Implication for Nurses

  • Discuss the etiology and incidence of post-extubation dysphagia.
  • Describe the potential impact of post-extubation dysphagia on critically ill patients.
  • Describe a quality improvement initiative aimed at improving nursing practice.
  • Discuss the outcomes of the implementation of a post-extubation dysphagia-screening algorithm in an intensive care unit.

Over five million individuals are admitted to intensive care units (ICU) annually in North America (Barrett et al., 2015; Canadian Institute for Health Information, 2016). Invasive mechanical ventilation is one of the most common interventions provided in the ICU and is delivered to 20-40% of all critically ill patients (Barrett et al., 2015; Canadian Institute for Health Information, 2016; Wunsch et al., 2013). Recently, there has been increased attention in the literature surrounding post-extubation dysphagia (PED) as an under recognized sequela of mechanical ventilation (Brodsky et al., 2020). The pathogenesis of PED occurs through one or more of the following mechanisms: oropharyngeal and laryngeal trauma with intubation, reduced laryngeal sensation, dyssynchronous breathing and swallowing patterns, neuromuscular weakness, altered sensorium, and gastro-esophageal reflux (Brodsky et al., 2014; Macht et al., 2011; Skoretz et al., 2010).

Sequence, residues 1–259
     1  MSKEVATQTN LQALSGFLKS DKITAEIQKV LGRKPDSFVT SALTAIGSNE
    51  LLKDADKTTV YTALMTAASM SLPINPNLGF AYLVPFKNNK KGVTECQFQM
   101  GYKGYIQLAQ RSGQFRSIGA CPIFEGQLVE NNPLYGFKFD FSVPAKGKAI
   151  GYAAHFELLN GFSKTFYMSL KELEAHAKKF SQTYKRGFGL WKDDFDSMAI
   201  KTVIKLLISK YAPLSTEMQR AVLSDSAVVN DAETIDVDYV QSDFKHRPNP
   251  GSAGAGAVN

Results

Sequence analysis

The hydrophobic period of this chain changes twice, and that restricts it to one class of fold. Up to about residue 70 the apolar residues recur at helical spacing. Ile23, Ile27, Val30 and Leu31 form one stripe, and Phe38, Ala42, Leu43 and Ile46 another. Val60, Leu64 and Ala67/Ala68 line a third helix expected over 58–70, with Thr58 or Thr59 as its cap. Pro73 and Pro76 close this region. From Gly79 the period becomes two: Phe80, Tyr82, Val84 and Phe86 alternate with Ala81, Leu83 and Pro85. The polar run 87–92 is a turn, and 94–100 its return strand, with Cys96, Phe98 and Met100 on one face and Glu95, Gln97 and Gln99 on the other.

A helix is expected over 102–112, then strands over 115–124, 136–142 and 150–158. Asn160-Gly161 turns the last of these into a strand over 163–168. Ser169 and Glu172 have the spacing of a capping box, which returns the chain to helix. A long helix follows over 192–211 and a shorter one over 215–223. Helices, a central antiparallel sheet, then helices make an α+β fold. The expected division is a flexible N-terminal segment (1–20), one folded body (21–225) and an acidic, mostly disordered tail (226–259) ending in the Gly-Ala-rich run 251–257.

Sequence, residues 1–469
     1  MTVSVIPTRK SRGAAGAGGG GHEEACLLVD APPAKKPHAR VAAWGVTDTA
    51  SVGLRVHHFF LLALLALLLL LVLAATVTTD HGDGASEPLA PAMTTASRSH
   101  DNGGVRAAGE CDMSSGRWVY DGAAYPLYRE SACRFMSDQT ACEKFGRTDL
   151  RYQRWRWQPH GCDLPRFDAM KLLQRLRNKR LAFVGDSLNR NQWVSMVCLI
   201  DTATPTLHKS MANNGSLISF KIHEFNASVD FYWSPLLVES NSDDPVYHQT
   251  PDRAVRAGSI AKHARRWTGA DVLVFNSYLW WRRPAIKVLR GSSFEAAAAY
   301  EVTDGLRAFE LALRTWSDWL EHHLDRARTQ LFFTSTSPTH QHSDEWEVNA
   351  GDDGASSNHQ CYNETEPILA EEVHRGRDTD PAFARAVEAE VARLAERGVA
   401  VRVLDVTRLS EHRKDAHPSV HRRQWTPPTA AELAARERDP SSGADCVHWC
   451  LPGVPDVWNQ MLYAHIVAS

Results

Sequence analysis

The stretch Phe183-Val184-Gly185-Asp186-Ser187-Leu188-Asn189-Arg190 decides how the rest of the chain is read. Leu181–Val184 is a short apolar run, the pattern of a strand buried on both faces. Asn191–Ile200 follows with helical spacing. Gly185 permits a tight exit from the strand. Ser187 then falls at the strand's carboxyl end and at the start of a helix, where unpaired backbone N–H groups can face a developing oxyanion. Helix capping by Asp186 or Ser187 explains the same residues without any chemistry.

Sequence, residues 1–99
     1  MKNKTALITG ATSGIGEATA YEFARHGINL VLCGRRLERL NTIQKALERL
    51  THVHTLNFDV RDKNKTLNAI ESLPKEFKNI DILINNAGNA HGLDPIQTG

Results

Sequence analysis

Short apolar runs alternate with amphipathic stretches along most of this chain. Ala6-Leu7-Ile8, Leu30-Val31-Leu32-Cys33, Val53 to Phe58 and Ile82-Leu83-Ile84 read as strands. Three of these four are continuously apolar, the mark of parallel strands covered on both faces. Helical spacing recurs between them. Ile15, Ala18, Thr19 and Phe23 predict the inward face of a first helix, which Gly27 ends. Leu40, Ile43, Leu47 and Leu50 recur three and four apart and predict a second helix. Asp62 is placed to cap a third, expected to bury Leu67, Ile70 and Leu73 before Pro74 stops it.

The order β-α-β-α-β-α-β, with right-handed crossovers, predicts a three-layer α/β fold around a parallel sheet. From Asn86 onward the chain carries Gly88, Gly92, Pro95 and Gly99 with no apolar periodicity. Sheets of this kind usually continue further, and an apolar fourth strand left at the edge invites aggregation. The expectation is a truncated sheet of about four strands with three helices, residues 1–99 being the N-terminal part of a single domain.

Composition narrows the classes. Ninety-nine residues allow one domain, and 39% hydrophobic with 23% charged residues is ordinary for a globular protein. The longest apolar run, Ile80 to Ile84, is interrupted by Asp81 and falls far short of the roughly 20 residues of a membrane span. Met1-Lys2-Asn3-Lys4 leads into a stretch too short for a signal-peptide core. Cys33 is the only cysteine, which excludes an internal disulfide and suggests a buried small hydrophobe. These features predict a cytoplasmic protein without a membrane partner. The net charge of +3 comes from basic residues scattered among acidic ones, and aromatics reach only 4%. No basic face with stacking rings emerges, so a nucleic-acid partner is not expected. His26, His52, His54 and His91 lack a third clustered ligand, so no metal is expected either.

While the true incidence of PED is unknown, previous studies have reported rates between 3% and 87% of patients who have required intubation (Brodsky et al., 2020; de Medeiros et al., 2016; Skoretz et al., 2010). This wide range of incidence may be due to the heterogeneity of patient populations studied and differences in diagnostic measures, intubation duration, and the timing of the PED assessment (Rassameehiran et al., 2015). Although PED can occur with any duration of intubation, the incidence of PED reaches 67.5% by 48 hours, particularly in trauma patients and following cardiovascular surgery (Barker et al., 2009; Leder et al., 1998; Skoretz et al., 2014).